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Climate change threatens 10 million lives in southern Vietnam

Climate change threatens 10 million lives in southern Vietnam

Monday, July 04, 2016, 19:39 GMT+7

Climate change is expected to challenge the lives and productivity of the 10-million people living in Vietnam’s Mekong Delta, delegates have said at a conference.

The 2016 Mekong Delta Forum, aimed at finding new measures to cope with climate change in the region, was organized in Ho Chi Minh City on Monday, attended by Prime Minister Nguyen Xuan Phuc and World Bank Vice President for East Asia and the Pacific Victoria Kwakwa.

Speaking at the event, PM Phuc highlighted the importance of the Mekong Delta to Vietnam’s strategy of socio-economic development.

The region is considered the nation’s biggest hub for agricultural and aquacultural production, contributing nearly 41 percent of Vietnam’s agricultural output, 70 percent of the country’s fish exports, and 90 percent of its rice shipments.

However, the Mekong Delta is facing many challenges and difficulties brought about by climate change, namely severe drought and salt water intrusion.

According to Cao Duc Phat, Minister of Agriculture and Rural Development, this year droughts have damaged 208,000 hectares of paddy fields and 9.4 hectares of fruit trees in the region, resulting in a drastic drop in production.

Thousands of households across the localities were also deprived of clean water resources, Phat added.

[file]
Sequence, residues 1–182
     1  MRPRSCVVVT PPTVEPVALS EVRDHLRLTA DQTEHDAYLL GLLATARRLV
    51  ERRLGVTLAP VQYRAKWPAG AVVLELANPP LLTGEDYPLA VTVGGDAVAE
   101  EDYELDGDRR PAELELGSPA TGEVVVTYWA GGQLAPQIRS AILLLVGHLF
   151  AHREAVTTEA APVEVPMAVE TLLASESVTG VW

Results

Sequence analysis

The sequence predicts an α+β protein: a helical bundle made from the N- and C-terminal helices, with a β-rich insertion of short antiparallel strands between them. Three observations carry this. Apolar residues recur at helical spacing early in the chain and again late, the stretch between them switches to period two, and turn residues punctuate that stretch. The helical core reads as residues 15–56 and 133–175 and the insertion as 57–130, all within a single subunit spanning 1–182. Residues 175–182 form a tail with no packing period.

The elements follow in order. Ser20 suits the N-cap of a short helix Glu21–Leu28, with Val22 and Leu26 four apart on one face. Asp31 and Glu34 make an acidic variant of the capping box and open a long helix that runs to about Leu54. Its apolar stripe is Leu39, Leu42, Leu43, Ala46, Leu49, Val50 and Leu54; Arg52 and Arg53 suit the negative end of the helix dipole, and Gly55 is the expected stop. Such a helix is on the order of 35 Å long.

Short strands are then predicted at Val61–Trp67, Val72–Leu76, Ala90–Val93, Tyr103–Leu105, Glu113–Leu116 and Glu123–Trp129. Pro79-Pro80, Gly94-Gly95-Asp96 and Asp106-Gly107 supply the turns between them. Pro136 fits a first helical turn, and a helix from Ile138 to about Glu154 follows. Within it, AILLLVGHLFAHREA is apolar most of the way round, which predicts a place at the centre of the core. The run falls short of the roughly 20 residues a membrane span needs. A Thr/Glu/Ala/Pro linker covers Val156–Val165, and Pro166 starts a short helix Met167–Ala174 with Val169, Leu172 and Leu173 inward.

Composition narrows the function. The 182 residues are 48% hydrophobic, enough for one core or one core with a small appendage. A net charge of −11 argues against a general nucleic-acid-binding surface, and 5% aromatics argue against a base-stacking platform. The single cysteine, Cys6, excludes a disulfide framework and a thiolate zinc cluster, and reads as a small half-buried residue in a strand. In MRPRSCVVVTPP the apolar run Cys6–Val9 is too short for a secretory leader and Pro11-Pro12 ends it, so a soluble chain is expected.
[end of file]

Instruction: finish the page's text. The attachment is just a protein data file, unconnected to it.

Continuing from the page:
Coordination between provinces and ministries has been urged and many measures applied to cope with the consequences, including adjusting farming models, building anti-drought constructions, and others.

Several leaders in the region suggested that it was necessary to raise local farmers’ awareness of the climatic condition and to provide support in terms of equipment, technology, and resources.

According to Tom Kompier, a Dutch expert, competent authorities should consult experts and scientists to create an effective farming model in the region.

Meanwhile, Leo Sebastian, a crop researcher, said that Vietnam should exert more effort to develop new types of paddy which can adapt to the new climatic condition.

Weather forecast activities should also be improved in order to be more pro-active in planning crop seasons, Sebastian added.

Aside from the influence of climate change, Vietnam has been facing a water and alluvium shortage due to the lack of the water flowing from the Mekong River upstream, Deputy Prime Minister Vuong Dinh Hue said at the meeting.

This is a global problem, Hue stated, adding that it should be addressed at international forums.

The deputy premier expressed his hope that the World Bank and other international organizations would further provide financial and technical assistance to deal with the problem in Vietnam.


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